Parashat Re’eh, 5773, 2013:
On Being G-d’s Chosen Nation
Rabbi David Etengoff
Dedicated to the sacred memories of my mother, Miriam Tovah bat Aharon Hakohen, father-in-law, Levi ben Yitzhak, sister-in-law, Ruchama Rivka Sondra, sister, Shulamit bat Menachem, Shifra bat Chaim Alter, and Yehonatan Binyamin ben Mordechai Meir Halevi, and the refuah shlaimah of Yosef Shmuel ben Miriam.
You are a nation consecrated to G-d your L-rd. G-d has chosen you from all nations on the face of the earth to be His own special nation. (Sefer Devarim 14:2, Parashat Re’eh, this, and all Torah translations, Rav Aryeh Kaplan zatzal, The Living Torah)
The election of the Jewish people (bechirat Yisrael) is a fundamental concept in understanding our relationship with G-d. This idea is repeated in a number of places in the Siddur. As a result, it has become one of the best-known principles of Jewish thought:
Rav Shimson Raphael Hirsch (1808-188) foreshadowed Rav Sacks in his dismissal of the “better than” approach in his understanding of the terms “bechirat Yisrael” and “Am Segulah.” Rather than a rejection of non-Jews, he translates this concept into a statement of the Jewish people’s extraordinary responsibility to Hashem. The Jewish people are more responsible to Hashem than any other nation. The Sinaitic Covenant (Kabbalat HaTorah) did not somehow mysteriously alter our biology so that we became genetically different than the rest of mankind. Instead, Kabbalat HaTorah placed the ol malchut Shamayim, the yoke of the Kingdom of Heaven (G-d’s will), uniquely upon us. Our responsibilities and obligations toward Hashem are, therefore, different in kind and degree than those of the rest of mankind. In a word, we Jews are blessed with 613 commandments, whereas the nations of the world have but seven.
Now that I have briefly presented an approach as to how to understand the content of the term “Chosen People,” allow me to ask a seemingly straightforward question: “Why did Hashem choose us? After all, “It was not because you had greater numbers than all the other nations that G-d embraced you and chose you; you are among the smallest of all the nations.” (Sefer Devarim 7:7) Rabbinic literature provides us with different responses to our question. I will focus on three of them. The first answer is that we, to the exclusion of all other nations, accepted the Torah - even though every other people had the opportunity to do so:
The nations will then contend: “L-rd of the Universe, have You given us the Torah, and have we declined to accept it?” But how can they argue in this way, seeing that it is written, “The L-rd came from Sinai and rose from Seir unto them, He shined forth from Mount Paran?” [Sefer Devarim 33:2] And it is also written, “G-d came from Teman.” [Habakkuk 3:3]. What did He seek in Seir, and what did He seek in Mount Paran? — R. Johanan says: This teaches us that the Holy One, blessed be He, offered the Torah to every nation and every tongue, but none accepted it, until He came to Israel who received it. [How, then, can they say that the Torah was not offered to them?] Their contention will be this: “Did we accept it and fail to observe it?” But surely the obvious rejoinder to this plea would be: “Then why did you not accept it?” (Talmud Bavli, Avodah Zarah 2b, translation, Soncino Talmud with my emendations to enhance readability)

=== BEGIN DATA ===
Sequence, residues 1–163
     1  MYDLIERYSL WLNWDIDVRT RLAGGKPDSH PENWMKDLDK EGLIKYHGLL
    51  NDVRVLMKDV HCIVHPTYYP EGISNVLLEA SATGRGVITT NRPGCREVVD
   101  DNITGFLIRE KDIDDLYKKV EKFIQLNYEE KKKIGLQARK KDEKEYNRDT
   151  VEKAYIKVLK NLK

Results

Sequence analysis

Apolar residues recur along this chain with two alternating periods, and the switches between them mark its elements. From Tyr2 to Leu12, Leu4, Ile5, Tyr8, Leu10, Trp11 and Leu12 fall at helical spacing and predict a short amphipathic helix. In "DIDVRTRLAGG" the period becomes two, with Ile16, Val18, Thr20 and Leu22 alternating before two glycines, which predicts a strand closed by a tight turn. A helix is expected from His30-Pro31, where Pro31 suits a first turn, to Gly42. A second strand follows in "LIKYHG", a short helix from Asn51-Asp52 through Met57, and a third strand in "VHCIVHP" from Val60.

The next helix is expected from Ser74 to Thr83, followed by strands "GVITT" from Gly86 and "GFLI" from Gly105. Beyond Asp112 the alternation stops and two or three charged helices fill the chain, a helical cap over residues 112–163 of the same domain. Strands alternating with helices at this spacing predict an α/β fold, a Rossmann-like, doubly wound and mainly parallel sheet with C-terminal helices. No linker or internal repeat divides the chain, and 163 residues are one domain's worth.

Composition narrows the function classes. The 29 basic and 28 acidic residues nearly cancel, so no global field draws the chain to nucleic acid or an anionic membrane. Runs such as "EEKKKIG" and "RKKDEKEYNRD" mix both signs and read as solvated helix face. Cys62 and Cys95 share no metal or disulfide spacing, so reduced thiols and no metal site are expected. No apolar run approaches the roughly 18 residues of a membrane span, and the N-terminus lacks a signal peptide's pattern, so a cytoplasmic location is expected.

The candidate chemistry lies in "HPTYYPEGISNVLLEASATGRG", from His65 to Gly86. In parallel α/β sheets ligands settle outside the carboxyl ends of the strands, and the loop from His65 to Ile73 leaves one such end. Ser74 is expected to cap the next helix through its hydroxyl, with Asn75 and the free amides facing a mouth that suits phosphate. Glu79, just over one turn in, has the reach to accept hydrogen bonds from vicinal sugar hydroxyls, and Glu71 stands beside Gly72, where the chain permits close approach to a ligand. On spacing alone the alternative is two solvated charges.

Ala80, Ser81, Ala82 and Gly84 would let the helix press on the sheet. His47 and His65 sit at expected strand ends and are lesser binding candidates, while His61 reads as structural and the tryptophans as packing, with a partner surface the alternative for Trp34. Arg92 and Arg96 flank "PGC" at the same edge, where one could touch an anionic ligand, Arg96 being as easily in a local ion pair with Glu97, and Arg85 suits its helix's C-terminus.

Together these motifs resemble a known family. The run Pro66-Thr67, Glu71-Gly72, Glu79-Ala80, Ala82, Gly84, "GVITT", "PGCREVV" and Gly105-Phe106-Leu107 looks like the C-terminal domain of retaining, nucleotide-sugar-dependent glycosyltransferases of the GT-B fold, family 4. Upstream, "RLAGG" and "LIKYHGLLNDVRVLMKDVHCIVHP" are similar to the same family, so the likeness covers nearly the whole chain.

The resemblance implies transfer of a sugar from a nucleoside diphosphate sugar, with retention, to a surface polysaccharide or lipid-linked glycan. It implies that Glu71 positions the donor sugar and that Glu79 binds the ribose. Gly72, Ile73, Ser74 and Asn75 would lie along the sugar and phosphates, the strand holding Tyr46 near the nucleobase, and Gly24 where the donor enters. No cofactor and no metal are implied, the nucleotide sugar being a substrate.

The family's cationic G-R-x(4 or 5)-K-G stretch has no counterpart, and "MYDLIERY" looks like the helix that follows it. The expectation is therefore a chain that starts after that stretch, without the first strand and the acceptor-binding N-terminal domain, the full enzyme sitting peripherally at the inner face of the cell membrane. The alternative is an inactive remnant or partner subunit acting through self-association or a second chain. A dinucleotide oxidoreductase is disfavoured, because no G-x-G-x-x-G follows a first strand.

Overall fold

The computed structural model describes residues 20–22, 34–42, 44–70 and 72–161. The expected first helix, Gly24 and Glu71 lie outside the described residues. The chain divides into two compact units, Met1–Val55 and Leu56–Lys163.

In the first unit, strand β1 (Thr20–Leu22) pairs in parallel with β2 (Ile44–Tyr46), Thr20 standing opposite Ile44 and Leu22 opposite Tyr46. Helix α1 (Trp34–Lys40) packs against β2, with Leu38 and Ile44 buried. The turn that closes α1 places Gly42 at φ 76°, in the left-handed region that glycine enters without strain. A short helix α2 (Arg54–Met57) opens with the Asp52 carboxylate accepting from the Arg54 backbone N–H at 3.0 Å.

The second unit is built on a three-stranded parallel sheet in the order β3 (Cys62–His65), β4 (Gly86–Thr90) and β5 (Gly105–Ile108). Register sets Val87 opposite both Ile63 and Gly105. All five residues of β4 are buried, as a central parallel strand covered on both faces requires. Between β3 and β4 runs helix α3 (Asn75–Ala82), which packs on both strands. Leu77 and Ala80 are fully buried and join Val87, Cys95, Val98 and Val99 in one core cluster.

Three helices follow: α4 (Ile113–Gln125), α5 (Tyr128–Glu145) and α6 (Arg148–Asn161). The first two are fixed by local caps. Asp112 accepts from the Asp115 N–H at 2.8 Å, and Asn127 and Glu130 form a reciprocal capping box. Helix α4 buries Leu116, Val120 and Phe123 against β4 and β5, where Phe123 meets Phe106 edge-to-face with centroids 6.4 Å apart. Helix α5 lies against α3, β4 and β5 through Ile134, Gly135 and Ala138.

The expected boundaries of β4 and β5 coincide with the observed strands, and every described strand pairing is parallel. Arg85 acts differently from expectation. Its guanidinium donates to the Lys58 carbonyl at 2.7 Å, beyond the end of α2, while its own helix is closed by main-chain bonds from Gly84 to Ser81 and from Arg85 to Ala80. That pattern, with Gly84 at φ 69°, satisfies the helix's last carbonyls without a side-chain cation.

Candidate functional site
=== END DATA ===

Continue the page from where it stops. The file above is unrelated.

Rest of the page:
The connection between the acceptance of the Torah and our election is made even more explicit in the following passage from Midrash Bamidbar Rabbah 14:10: “And why did the Holy One blessed be He choose them [i.e. the Jews]? All of the other nations denigrated the Torah and did not want to accept it. But [they, i.e. the Jews] wanted it and chose [to follow] the Holy One blessed be He and His Torah…”
The second approach as to why Hashem chose us is found in Midrash Tanchuma (Buber), Parashat Naso 13. Herein, the emphasis is placed upon our being the heirs of the Avot and Emahot (Patriarchs and Matriarchs, i.e. Abraham, Isaac, Jacob, Sarah, Rivka, Rachel, and Leah), who personified truth and holiness:
And I chose you because you are the heirs of truth (Hebrew: “sheatem m’zera emet”). As the text states: “And I planted you from the best vine, entirely of truthful seed.” (Sefer Yermiahu 2:21) Moreover, it is also written: “…in you did Hashem your G-d choose,” (Sefer Devarim 7:6) – Even in the future I will never choose anyone other than you [i.e. the Jews] because you come from holy origins. As the text states: “They will not struggle needlessly or create in vain, for they are the offspring of the blessed ones of Hashem.” (Sefer Yeshiyahu 65:23, all translations my own)
The final answer to the question “Why did Hashem chose us?” is in some ways the most direct and compelling. Quite simply, G-d loved and continues to love us: “Why did the Holy One blessed be He choose you [i.e. the Jews]? – He did this because He loved you. As the Torah states: ‘It was because of G-d's love for you…’” (Midrash Tanchuma, Buber, Parashat Bamidbar 20) In other words, according to this Midrash, our election is a result of pure and direct Divine grace – of chane, v’chesed, v’rachamim – rather than the result of any actions or merits on our part. With the exception of the Torah, bechirat Yisrael, therefore, emerges as the greatest and most beneficent gift in all of recorded history.
With Hashem’s help, may we live lives filled with demonstrable kindness and mercy to our fellow Jews and to all mankind. Moreover, may our actions ever prove that we are the Am Hanivchar and the Am Segulah. V’chane yihi ratzon.
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